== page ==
EV's will most certainly fill a need, and grow in popularity, but I can't see it ever growing to the point, where there will be no internal combustion engines used in Canada.
“Most people do not listen with the intent to understand. Most people listen with the intent to reply.” -Stephen R. Covey

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Re: Cold weather saps batteries

Postby Cactusflower » Feb 12th, 2019, 11:48 am

OKkayak wrote:
Cactusflower wrote:^^depends on how often I drive the car and where I go.

It also depends on how often other people drive the car and where other people go.


Nobody else drives my car. What are you implying?
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Re: Cold weather saps batteries

Postby Urban Cowboy » Feb 12th, 2019, 12:00 pm

OKkayak wrote:
Cactusflower wrote:^^depends on how often I drive the car and where I go.

It also depends on how often other people drive the car and where other people go.


Cactusflower wrote:Nobody else drives my car. What are you implying?


OKkayak isn't "implying" anything, rather simply stating a fact, that what works for you, doesn't necessarily mean that it will work for everyone, which is how you tend to present your argument.

For someone who lives in town, and walks to the grocery store, is retired, thus not in need of constant transportation, an EV would be no doubt great.

On the other hand if someone has to commute to work in Kelowna, from say Vernon, on a daily basis, then run errands perhaps, before heading home, suddenly the winter driving range of an EV could well become an issue, given that you would be obligated to factor in inclement weather, the odd road closure, etc., as well as the cold weather fluctuating range uncertainty. I'd rather be driving something, that doesn't cause me, constant charging station proximity anxiety.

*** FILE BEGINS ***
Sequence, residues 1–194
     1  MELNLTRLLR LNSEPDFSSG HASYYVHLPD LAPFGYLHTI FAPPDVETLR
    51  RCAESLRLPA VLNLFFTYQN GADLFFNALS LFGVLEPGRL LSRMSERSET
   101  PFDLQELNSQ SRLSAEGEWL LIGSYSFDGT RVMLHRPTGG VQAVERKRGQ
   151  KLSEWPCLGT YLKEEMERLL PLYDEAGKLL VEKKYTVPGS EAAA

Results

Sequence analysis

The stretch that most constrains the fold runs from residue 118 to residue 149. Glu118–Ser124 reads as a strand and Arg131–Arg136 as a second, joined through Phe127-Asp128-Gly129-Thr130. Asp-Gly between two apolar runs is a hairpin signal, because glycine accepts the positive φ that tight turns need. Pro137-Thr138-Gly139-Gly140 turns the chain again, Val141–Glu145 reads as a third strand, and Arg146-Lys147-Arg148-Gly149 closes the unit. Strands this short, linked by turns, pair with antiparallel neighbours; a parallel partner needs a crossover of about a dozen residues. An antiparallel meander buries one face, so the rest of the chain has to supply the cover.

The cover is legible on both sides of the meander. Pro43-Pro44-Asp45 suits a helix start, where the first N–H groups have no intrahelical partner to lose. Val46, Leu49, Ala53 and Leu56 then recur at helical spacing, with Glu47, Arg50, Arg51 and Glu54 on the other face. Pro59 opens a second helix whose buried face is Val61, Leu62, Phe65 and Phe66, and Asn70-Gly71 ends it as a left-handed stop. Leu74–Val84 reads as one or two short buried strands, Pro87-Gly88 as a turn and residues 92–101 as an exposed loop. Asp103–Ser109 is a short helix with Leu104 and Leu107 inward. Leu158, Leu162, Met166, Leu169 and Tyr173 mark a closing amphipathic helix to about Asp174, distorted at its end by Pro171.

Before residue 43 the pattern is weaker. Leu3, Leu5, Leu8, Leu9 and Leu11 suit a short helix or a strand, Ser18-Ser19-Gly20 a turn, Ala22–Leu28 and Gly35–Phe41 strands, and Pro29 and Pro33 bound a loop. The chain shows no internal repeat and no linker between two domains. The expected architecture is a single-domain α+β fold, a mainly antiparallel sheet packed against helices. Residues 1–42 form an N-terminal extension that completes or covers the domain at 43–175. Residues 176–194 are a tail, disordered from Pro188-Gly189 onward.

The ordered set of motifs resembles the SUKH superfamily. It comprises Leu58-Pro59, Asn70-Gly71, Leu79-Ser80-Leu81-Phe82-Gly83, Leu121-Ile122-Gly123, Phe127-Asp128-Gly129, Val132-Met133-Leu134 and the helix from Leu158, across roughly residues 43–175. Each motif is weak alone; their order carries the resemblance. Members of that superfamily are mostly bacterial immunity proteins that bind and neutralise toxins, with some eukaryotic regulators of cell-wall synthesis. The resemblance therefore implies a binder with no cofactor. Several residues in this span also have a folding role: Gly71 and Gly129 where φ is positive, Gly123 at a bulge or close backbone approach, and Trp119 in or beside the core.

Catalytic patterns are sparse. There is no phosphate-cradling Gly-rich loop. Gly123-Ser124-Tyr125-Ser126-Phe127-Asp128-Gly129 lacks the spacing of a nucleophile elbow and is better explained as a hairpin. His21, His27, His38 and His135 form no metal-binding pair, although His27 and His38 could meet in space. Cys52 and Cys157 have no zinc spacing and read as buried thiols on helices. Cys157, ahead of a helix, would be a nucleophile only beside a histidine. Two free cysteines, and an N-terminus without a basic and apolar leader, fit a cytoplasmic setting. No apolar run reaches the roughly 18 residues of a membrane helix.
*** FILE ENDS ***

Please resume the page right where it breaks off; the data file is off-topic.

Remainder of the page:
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Re: Cold weather saps batteries

Postby OKkayak » Feb 12th, 2019, 12:02 pm

Cactusflower wrote:Nobody else drives my car. What are you implying?

Nothing to imply. You made a claim. You were asked a question in regards to that claim. And you deflected with a ridiculously vague response instead of simply giving examples on how you drive "economically" in an EV. Simply pointing out that your driving habits (whatever those may be, since you didn't answer the question) will be different than others.

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Re: Cold weather saps batteries

Postby Cactusflower » Feb 12th, 2019, 12:18 pm

OKkayak wrote:
Cactusflower wrote:Nobody else drives my car. What are you implying?

Nothing to imply. You made a claim. You were asked a question in regards to that claim. And you deflected with a ridiculously vague response instead of simply giving examples on how you drive "economically" in an EV. Simply pointing out that your driving habits (whatever those may be, since you didn't answer the question) will be different than others.